Although he backed down from his threat to invade Syria last summer, President Obama proclaimed then the power to use unilateral force for purely humanitarian ends without congressional or United Nations or NATO support. This novel theory, which removed all practical limits on presidential humanitarian intervention, became a reality in last month’s military strikes to protect civilians trapped on Mount Sinjar and in the town of Amirli.
Yesterday’s announcement of a ramped-up war against the Islamic State in Iraq and possibly Syria rests on yet another novel war powers theory. The administration has said since August that air strikes in Syria were justified under his constitutional power alone. But yesterday it switched course and maintained that Congress had authorized the 2014 campaign against the Islamic State in the 2001 law that President George W. Bush sought to fight the Taliban and al Qaeda.
Executive power is strong now – Syria situation proves.
Posner 13 – Eric, a professor at the University of Chicago Law School, 2013 (“Obama Is Only Making His War Powers Mightier,” September 3, Available Online at http://www.slate.com/articles/news_and_politics/view_from_chicago/2013/09/obama_going_to_congress_on_syria_he_s_actually_strengthening_the_war_powers.html)
President Obama’s surprise announcement that he will ask Congress for approval of a military attack on Syria is being hailed as a vindication of the rule of law and a revival of the central role of Congress in war-making, even by critics. But all of this is wrong. Far from breaking new legal ground, President Obama has reaffirmed the primacy of the executive in matters of war and peace. The war powers of the presidency remain as mighty as ever.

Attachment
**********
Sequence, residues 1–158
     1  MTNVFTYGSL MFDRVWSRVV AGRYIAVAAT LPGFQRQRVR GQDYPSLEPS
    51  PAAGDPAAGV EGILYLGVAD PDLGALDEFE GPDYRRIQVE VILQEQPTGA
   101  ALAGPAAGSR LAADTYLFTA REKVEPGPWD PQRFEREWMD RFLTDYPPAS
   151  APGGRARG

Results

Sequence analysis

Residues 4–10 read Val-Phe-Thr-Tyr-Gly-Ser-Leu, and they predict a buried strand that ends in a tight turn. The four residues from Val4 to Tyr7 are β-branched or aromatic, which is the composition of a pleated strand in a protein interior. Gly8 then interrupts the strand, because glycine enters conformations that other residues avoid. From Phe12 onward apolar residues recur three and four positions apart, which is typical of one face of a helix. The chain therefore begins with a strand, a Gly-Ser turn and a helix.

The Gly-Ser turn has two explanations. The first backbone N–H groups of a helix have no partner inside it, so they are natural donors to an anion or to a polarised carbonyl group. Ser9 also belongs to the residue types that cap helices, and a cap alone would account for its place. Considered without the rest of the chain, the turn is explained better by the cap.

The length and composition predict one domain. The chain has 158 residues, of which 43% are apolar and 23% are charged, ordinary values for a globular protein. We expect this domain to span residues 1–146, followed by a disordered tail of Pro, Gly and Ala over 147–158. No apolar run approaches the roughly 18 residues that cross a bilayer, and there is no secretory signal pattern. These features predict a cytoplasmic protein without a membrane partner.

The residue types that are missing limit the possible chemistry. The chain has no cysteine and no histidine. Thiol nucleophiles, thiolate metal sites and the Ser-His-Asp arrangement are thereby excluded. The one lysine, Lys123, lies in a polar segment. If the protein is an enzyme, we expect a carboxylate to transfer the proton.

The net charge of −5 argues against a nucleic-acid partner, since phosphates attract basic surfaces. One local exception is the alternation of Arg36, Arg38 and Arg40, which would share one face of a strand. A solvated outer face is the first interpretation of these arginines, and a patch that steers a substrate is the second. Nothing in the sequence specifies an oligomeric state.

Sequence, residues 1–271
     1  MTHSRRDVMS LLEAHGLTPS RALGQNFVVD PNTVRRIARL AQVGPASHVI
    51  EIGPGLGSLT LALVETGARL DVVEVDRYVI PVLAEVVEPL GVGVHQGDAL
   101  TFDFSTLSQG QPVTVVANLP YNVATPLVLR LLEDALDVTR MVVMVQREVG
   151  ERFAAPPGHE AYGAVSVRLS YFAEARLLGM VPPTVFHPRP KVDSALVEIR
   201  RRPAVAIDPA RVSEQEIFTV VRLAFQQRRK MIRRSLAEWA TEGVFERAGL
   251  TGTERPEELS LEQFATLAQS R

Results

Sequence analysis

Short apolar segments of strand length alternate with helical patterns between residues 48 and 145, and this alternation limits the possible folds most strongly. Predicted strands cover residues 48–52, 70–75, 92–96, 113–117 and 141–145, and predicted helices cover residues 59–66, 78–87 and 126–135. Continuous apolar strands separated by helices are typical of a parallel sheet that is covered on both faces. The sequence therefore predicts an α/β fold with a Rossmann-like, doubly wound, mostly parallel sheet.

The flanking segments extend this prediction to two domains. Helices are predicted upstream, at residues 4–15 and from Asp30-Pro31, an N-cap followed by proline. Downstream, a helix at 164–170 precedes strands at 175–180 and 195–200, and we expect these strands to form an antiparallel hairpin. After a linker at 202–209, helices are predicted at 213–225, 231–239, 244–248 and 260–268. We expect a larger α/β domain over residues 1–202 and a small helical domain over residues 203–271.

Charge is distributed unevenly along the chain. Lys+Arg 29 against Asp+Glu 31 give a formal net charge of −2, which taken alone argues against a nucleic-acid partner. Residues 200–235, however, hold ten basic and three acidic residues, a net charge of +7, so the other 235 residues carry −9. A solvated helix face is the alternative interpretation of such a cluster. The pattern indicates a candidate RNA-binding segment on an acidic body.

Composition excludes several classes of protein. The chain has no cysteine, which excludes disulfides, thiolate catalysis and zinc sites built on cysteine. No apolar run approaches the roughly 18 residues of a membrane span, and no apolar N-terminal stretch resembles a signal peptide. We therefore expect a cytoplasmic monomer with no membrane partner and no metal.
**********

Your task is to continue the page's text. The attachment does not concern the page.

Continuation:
It would have been different if the president had announced that only Congress can authorize the use of military force, as dictated by the Constitution, which gives Congress alone the power to declare war. That would have been worthy of notice, a reversal of the ascendance of executive power over Congress. But the president said no such thing. He said: “I believe I have the authority to carry out this military action without specific congressional authorization.” Secretary of State John Kerry confirmed that the president “has the right to do that”—launch a military strike—“no matter what Congress does.”
Thus, the president believes that the law gives him the option to seek a congressional yes or to act on his own. He does not believe that he is bound to do the first. He has merely stated the law as countless other presidents and their lawyers have described it before him.